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Sunday, July 23rd, 2006
Astrophotography getting better.
 
Tonight made a significant difference. For one, it was not blazingly hot with 80% humidity like last night (which I didn't journal because I got nothing done except watch my eyepieces fog up in the humidity and 90 degree evening). So that's better. Secondly, the seeing was much better. I was able to split tight doubles (see the shot of Almach as an example). Then finally, the most important factor is that I had excellent tracking tonight which made for crisper stars and longer exposures.
 
Here are the photos from this evenings session:
 
Cassiopeia 
Gamma Andromedae/Almach - Binary Star System
This is probably my favorite double in the sky. Pointed out on this site by Mizar, my first view of it was on September 6th, 2004 and I've looked at it nearly every chance I get since. I was thrilled to see the stars so separated in this shot.
Photo Specs -
Camera: Canon Digital Rebel XT
Telescope: Hardin 12" Deep Space Hunter
Tracking: Singe Axis Equatorial Platform
ISO: 1600
Prime Focus
Exposure: 1/60th
Number of Exposures: 1
Post Processing: Photoshop
Almach Image
 
M103 - Open Cluster
This open cluster is smallish with the distinct elongated triangle of three fairly bright stars (8.1, 8,5 and 9th magnitudes). The image picks up several many more stars in the cluster than I can normally see. There is a near center star that is distictly orange and stands out from the others. 
Photo Specs -
Camera: Canon Digital Rebel XT Telescope: Hardin 12" Deep Space Hunter
Tracking: Singe Axis Equatorial Platform
ISO: 1600
Prime Focus
Exposure: 12 sec
Number of Exposures: 1
Post Processing: Photoshop
M103 Image
 
M52 - Open Cluster
A pinch larger than M103, tighter and more stars, this open cluster is a fuzzy patch at low power but becomes a nice round group of stars at about 100 power and above. There are not really any bright stars, but a few of the stars are brighter than the others.
Photo Specs -
Camera: Canon Digital Rebel XT
Telescope: Hardin 12" Deep Space Hunter
Tracking: Singe Axis Equatorial Platform
ISO: 1600
Prime Focus
Exposure: 11 sec
Number of Exposures: 1
Post Processing: Photoshop
M52 Image
 
NGC457 - Owl Cluster - Open Cluster 
I know. I'm on a Cassiopeia open cluster-a-thon. But they are so cool! This open cluster is really too large for this field of view, but I thought I'd try the shot anyway. I rotated the field so the "eyes" are at the top and the "feet" are at the bottom with the "wings" going out.
Photo Specs -
Camera: Canon Digital Rebel XT
Telescope: Hardin 12" Deep Space Hunter
Tracking: Singe Axis Equatorial Platform
ISO: 1600
Prime Focus
Exposure: 10 sec
Number of Exposures: 1
Post Processing: Photoshop
NGC457 Image
 
 
Andromeda 
M31/M32/M110 - Andromeda Galaxy 
I've been taking a shot of this every session trying to get a better one each time. Looking back on the last 5 images I've taken, this is the best one yet.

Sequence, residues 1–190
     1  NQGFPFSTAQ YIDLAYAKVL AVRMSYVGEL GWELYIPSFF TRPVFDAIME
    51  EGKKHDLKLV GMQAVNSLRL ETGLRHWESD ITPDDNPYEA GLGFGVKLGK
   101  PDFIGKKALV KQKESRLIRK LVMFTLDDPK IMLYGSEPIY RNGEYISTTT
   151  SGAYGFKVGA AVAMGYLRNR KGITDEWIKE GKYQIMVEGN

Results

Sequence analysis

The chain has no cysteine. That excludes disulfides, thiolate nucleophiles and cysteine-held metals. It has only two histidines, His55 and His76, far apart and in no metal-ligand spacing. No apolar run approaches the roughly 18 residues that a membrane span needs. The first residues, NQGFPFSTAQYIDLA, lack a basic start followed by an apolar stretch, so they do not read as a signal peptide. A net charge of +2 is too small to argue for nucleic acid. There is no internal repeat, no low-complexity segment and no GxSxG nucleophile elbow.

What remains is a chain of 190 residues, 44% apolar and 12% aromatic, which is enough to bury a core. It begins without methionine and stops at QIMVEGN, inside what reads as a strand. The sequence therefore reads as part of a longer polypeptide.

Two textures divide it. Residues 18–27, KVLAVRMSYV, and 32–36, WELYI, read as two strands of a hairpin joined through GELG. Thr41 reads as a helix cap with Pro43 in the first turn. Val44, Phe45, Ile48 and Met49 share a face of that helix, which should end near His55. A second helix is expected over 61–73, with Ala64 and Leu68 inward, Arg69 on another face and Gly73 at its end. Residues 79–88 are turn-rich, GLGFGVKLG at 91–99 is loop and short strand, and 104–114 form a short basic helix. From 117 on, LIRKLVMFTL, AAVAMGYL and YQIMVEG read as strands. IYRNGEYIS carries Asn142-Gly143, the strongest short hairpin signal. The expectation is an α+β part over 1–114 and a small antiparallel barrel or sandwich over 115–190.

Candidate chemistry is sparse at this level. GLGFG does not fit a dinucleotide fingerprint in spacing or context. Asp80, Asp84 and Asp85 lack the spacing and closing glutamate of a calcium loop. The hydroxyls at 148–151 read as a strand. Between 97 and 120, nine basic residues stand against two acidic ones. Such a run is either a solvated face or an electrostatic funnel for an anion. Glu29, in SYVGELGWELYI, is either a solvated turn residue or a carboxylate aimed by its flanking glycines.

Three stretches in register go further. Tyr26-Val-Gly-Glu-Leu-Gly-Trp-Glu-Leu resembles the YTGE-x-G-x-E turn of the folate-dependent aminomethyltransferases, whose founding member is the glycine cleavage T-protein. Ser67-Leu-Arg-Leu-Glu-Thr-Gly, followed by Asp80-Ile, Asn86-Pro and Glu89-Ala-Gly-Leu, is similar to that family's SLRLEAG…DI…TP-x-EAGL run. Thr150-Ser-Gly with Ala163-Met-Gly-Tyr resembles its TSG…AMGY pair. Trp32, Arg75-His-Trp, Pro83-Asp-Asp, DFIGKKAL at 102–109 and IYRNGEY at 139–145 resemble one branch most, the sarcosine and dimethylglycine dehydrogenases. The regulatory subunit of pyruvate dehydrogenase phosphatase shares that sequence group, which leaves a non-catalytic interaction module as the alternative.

Photo Specs -
Camera: Canon Digital Rebel XT
Telescope: Celestron 102mm Achromat Refractor
Tracking: Singe Axis Equatorial Platform
ISO: 1600
Prime Focus
Exposure: 159 seconds
Number of Exposures: 1
Post Processing: Photoshop
M31 Image
 
Ursa Major
M101 - Face-On Spiral Galaxy 
M101 is pretty faint because it's so large and dispersed. In this image, though there isn't much detail, you can begin to see the "lopsidedness" of the structure. You can also see NGC 5474, another lopsided fae on spiral off to the left.
Photo Specs -
Camera: Canon Digital Rebel XT
Telescope: Celestron 102mm Achromat Refractor
Tracking: Singe Axis Equatorial Platform
ISO: 1600
Prime Focus
Exposure: 135 seconds
Number of Exposures: 1
Post Processing: Photoshop
M101 Image
 

Canis Venatici
M51 - Face-On Spiral Galaxy
Surprisngly enough, this image turned out better at the lower prime focus power of the 102mm than the 12" dob. You can almost see the arm reaching to the companion galaxy.
Photo Specs -
Camera: Canon Digital Rebel XT
Telescope: Celestron 102mm Achromat Refractor
Tracking: Singe Axis Equatorial Platform
ISO: 1600
Prime Focus
Exposure: 156 seconds
Number of Exposures: 1
Post Processing: Photoshop
M51 Image
 

Perseus
NGC 869/NGC 884 - Perseus Double Cluster - Open Clusters
This one was kinda fun. I've taken a few shots of this incredible cluster, but this time I chose for a wide field view through the 102mm and close-up views of each cluster through the 12" dob. The close up views are 11 second exposures (1 of each cluster) while the wide field view is 53 seconds.
Telescope: Hardin 12" Deep Space Hunter
Tracking: Singe Axis Equatorial Platform
ISO: 1600
Prime Focus
Exposure: 15 seconds
Number of Exposures: 1
Post Processing: Photoshop
NGC 869 Image
 
Telescope: Hardin 12" Deep Space Hunter
Tracking: Singe Axis Equatorial Platform
ISO: 1600
Prime Focus
Exposure: 15 seconds
Number of Exposures: 1
Post Processing: Photoshop
NGC 884 Image
 
Telescope: Celestron 102mm Achromat Refractor
Tracking: Singe Axis Equatorial Platform
ISO: 1600
Prime Focus
Exposure: 15 seconds
Number of Exposures: 1
Post Processing: Photoshop
Perseus Double Cluster Wide Field Image
 
 
 
H-Alpha Solar Image
This is an image of a large prominence on the sun at 3:42pm.
Photo Specs -
Camera: Canon Digital Rebel XT
Telescope: 40mm Coronado PST
ISO: 1600
Prime Focus
Exposure: 1/100th
Number of Exposures: 1
Post Processing: Photoshop  






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